Can Putin be stopped?
As the violence between Russia and Ukraine escalates, political battle lines are becoming more deeply entrenched – not only between Russia and the West, but also between the United States and the various European countries. Can external involvement solve the crisis diplomatically? And is there another choice?
As it currently stands, over 5,000 have been killed in the conflict in Eastern Ukraine after Russia provided armed support to separatist groups and sent its own troops across the border. The crisis poses a risk to European stability and is unsettling world leaders who previously sought to better relations with Russia and work with the global power on topics of common interest such as a nuclear Iran.
While Russian President Putin alleges that the conflict is the result of America and its allies trying “to impose their will” after the Cold War, it looks like Western interference may be necessary to resolve matters. But how? Three courses of action are currently being discussed: the US and EU could continue imposing sanctions on Russia to force them into submission; they could negotiate a peace agreement; or, they could support Ukraine’s resistance efforts. This is where the divide creeps in.
An increasing number of voices in Congress, along with Eastern European countries who feel threatened by Russia, are encouraging the White House to send military aid to Ukraine. It is certainly no secret that Washington has a deep distrust of Putin and will be wary of any peace plan that grants him concessions. US Vice President Joe Biden was keen to assert that the US prefers a peaceful resolution but made clear that Washington is not opposed to military force, arguing that in the past, “President Putin has promised peace and delivered tanks.”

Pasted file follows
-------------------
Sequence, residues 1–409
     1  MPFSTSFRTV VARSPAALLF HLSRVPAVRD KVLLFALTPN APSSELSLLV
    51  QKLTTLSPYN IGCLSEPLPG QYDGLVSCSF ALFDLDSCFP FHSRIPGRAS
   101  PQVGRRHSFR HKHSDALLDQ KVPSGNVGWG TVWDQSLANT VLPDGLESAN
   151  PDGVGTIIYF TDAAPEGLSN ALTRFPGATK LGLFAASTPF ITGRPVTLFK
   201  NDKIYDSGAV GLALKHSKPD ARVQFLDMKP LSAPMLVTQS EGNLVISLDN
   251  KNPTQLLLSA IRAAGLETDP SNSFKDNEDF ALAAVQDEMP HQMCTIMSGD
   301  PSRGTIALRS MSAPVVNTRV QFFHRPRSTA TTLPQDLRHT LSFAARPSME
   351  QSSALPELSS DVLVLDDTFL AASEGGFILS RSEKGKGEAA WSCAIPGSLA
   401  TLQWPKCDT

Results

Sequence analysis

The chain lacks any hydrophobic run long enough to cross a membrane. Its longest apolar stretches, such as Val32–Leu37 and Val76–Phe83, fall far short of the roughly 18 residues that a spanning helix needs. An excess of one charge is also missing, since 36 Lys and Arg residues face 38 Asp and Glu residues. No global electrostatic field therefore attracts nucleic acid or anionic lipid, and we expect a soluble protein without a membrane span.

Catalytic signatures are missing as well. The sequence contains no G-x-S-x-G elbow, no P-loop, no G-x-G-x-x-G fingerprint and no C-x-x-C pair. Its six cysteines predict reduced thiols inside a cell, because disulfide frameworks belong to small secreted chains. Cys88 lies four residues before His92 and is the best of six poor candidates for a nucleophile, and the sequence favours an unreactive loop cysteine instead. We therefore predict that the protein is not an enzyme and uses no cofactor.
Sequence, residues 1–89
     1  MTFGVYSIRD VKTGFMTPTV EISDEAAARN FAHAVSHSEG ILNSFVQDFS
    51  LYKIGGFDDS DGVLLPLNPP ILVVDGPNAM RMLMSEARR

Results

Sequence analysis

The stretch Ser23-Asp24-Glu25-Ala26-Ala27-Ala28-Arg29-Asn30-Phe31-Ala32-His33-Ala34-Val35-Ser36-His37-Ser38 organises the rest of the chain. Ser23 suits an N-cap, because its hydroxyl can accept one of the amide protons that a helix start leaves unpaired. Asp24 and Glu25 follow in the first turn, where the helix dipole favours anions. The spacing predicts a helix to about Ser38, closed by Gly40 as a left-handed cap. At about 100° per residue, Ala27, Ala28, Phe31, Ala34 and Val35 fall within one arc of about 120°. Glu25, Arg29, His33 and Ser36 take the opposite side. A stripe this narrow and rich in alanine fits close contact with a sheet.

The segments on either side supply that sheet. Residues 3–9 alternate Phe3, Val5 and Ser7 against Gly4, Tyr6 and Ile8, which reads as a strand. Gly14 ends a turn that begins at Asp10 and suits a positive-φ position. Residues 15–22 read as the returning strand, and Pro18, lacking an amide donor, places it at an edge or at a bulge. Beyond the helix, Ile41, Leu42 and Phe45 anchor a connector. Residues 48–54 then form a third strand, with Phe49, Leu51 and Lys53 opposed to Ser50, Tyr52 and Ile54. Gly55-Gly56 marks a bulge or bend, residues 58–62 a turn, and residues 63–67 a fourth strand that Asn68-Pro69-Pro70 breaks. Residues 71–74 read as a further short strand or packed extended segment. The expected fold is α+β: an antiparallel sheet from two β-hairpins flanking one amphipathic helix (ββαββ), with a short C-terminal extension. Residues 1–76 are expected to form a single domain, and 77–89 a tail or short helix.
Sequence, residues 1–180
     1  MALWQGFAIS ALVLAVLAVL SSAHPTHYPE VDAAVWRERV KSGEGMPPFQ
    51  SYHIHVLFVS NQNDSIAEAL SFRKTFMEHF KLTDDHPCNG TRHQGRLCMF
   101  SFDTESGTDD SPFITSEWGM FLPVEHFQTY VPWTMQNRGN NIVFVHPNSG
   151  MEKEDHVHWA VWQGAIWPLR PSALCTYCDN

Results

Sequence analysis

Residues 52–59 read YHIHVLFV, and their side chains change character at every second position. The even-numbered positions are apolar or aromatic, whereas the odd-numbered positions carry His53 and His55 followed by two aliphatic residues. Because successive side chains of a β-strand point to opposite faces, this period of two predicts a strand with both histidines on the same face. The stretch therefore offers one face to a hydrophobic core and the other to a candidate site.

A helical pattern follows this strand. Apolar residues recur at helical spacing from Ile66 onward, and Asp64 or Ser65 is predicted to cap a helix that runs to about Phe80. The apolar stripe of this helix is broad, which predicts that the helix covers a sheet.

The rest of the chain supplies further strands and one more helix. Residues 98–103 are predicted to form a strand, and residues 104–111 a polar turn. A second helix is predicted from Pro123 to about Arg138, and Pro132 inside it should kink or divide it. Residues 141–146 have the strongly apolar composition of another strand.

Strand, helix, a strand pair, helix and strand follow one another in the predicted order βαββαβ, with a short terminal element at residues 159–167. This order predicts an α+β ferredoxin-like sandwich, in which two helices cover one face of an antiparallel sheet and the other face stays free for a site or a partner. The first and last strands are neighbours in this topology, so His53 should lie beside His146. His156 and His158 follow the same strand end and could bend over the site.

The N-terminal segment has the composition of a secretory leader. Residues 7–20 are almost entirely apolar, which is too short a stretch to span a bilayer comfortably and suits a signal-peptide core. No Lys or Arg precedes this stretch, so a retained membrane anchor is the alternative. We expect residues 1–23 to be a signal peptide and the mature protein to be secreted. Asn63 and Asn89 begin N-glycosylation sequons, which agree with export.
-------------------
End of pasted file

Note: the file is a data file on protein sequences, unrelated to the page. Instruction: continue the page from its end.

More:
Yet many Western European countries doubt the ability of Ukrainian forces to defeat the Russian army, even with assistance. British Foreign Secretary Philip Hammond has accused Putin of acting like a tyrant and spoke in favour of renewing or increasing the economic sanctions on Russia. Combined with the low oil prices that are damaging the Russian economy, he hopes that further sanctions will force Putin to re-think his tactics. For Hammond, it is simply “not a practical proposition” for Kiev to beat Moscow on the battlefield
France and Germany agree. The two countries have outlined a peace agreement which will grant Russia more territory than it was awarded in September’s ceasefire but will allow eastern Ukraine greater autonomy than in Russia’s proposed plan. Leaders Francois Hollande and Angela Merkel will meet Putin along with the Ukrainian President Petro Poroshenko on Wednesday to discuss the terms of a long-term ceasefire.
If they succeed, Washington will be keeping check on whether Putin adheres this time round. Failure to respect a new agreement would leave little doubt that Russia is playing a political game and would add fuel to the claims that Putin will not willingly cease from fighting in Ukraine so long as he views a thriving Westernised neighbour as an ideological threat. That could give the US greater incentive to intervene with force.
If Wednesday fails to bring an agreement, then European leaders will have to consider their options when they meet at a summit later in the week. Further sanctions would likely prove more popular than arms, despite the resultant negative impact on the Eurozone’s economy. Political leaders will be conscious that Europe could pay a greater price if it does nothing at all.